>>>
>>>    I understand its advantages. I am examining its costs.
>>>
>>>> As an example, the moment we started scaling datacenters to support 10s of thousands of hosts, the use of a reliable transport helped a lot the management of scale:
>>>> On one side it reduces the amount of signaling when nothing changes, since we use TCP state as an indication that xTRs and the MS are in sync and there is no need to deal with the optimization of the refresh logic (periodic or paced).
>>>
>>>    LISP (the application), does not know that itself, the xTR, is in sync with the map-server. The packets can be in flight or being retransmitted due to loss. But if a Map-Register is sent with a nonce and no Map-Notify is returned the xTR knows for sure the two are in sync.
>>>
>>>    I’d argue you may it worse. TCP does provide reliability but so does LISP itself. And the only reason the messages are periodic is because the spec said to send every 1 minute and timeout every 3 minutes. You can make it 1000 minutes and timeout every 3000 minutes.
>>>
>>>    So let’s keep periiodic overhead, reliability, and staying in sync as separate issues.
>>>
>>>> On the other side, with reliable transport we offload the reliable delivery of information (and congestion control)
>>>
>>>    I understand that. But you can’t say TCP is keeping you in sync, because you have removed detail from the applicationis.
>>>
>>>> from LISP to another process (TCP) that is entirely devoted and designed for this. For example, supporting events like mass VM moves relying purely on LISP based ACks became very challenging, as we ended up having to deal with congestion events related to the signaling load generated. The use of the reliable transport largely simplified the problem.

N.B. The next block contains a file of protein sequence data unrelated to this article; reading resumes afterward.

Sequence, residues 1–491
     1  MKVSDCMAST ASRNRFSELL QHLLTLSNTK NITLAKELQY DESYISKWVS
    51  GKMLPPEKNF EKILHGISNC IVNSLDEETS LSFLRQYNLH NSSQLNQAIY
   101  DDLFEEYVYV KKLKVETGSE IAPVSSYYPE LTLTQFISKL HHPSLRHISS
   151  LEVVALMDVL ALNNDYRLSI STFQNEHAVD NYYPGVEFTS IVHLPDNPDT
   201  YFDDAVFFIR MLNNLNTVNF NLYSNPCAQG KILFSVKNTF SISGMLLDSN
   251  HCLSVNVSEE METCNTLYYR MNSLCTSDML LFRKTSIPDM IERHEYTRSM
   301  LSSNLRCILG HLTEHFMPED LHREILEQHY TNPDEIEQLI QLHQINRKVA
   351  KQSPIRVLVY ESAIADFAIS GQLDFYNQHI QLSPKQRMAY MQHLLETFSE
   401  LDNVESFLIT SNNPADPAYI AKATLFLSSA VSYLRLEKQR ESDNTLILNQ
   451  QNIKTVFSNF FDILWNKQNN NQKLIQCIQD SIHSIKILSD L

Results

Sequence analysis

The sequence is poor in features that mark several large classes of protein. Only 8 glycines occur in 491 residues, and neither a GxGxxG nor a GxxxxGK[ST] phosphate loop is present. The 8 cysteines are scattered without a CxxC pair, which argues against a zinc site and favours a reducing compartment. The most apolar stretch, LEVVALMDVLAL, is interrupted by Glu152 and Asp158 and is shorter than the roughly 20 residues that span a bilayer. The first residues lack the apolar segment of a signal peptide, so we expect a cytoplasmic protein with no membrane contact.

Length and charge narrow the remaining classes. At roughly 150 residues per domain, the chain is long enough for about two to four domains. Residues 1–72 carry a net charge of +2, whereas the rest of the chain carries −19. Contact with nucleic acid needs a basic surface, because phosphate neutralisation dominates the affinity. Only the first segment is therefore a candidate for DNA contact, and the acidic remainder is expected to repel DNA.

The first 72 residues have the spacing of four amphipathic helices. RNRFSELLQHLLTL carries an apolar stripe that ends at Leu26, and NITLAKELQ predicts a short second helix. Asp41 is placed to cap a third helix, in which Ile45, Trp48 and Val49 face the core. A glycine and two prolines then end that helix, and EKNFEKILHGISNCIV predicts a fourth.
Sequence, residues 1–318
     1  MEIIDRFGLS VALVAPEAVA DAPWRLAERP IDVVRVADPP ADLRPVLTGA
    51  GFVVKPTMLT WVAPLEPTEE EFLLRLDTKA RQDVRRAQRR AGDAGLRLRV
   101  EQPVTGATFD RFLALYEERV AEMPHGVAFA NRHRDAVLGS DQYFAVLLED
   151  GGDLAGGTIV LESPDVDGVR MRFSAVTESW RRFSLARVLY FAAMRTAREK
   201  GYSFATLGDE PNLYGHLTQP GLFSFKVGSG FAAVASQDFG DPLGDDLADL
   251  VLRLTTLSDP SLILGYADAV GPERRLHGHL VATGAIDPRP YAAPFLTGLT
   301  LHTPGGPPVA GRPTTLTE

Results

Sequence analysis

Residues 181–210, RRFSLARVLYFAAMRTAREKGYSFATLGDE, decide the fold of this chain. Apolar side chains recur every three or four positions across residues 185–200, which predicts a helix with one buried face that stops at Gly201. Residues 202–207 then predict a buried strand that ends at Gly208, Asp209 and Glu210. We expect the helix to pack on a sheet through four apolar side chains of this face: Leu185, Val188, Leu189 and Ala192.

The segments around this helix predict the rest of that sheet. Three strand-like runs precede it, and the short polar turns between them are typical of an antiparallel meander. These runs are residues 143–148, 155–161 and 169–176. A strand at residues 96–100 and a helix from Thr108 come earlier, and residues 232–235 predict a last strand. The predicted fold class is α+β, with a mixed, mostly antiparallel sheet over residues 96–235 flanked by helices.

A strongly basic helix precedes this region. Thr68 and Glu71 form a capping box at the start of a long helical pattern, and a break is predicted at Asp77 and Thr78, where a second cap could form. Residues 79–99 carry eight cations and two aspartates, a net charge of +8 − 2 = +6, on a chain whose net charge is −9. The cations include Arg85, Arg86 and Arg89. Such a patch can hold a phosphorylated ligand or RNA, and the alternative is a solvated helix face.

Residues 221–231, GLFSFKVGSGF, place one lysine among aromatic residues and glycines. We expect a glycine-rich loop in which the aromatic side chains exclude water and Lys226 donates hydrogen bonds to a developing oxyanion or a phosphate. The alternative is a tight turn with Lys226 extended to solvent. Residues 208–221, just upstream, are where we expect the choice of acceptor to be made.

>>>
>>> Dino
>>>
>>>>
>>>> Marc
>>>>
>>>> On 12/5/17, 12:06 PM, "lisp on behalf of Johnson Leong (joleong)" <lisp-bounces@ietf.org on behalf of joleong@cisco.com> wrote:
>>>>
>>>>   Hi Dino,
>>>>
>>>>   A large portion of this draft discusses the state machine required for TCP and how to ensure the MS and xTR are in sync.  We literally reuse the entire UDP map-register code, we just wrap that message around the LISP TCP header so there's a lot of code reuse.  Finally, this draft is not meant to replace UDP register but in some of our use cases TCP would scale better to avoid the periodic registration.
>>>>
>>>>   -Johnson
>>>>
>>>>> On Dec 5, 2017, at 10:52 AM, Dino Farinacci <farinacci@gmail.com> wrote:
>>>>>
>>>>>> registration protocol, that might be orthogonal to other transport-related mechanisms. In my experience this has proved to be very effective in scalability of large LISP deployments, especially with the increased volume of registration data.
>>>>>
>>>>> I agree it’s a point solution for registration. Then why did you need to have a general format.
>>>>>
>>>>> I could support this draft if it was simplified to spec how to use Map-Registers in TCP and nothing more.
>>>>>
>>>>> The only thing I would add is how to use TLS so encryption is supported. More and more requirements are coming up for protecting the privacy of location information. And since Map-Registers carry RLOCs (and potential Geo-Coordnates) that information needs to be protected.
>>>>>
>>>>> Dino
>>>>> _______________________________________________
>>>>> lisp mailing list
>>>>> lisp@ietf.org
>>>>> https://www.ietf.org/mailman/listinfo/lisp
>>>>
>>>>   _______________________________________________
>>>>   lisp mailing list
>>>>   lisp@ietf.org
>>>>   https://www.ietf.org/mailman/listinfo/lisp
>>>>
>>>>
>>>
>>>
>>>
>>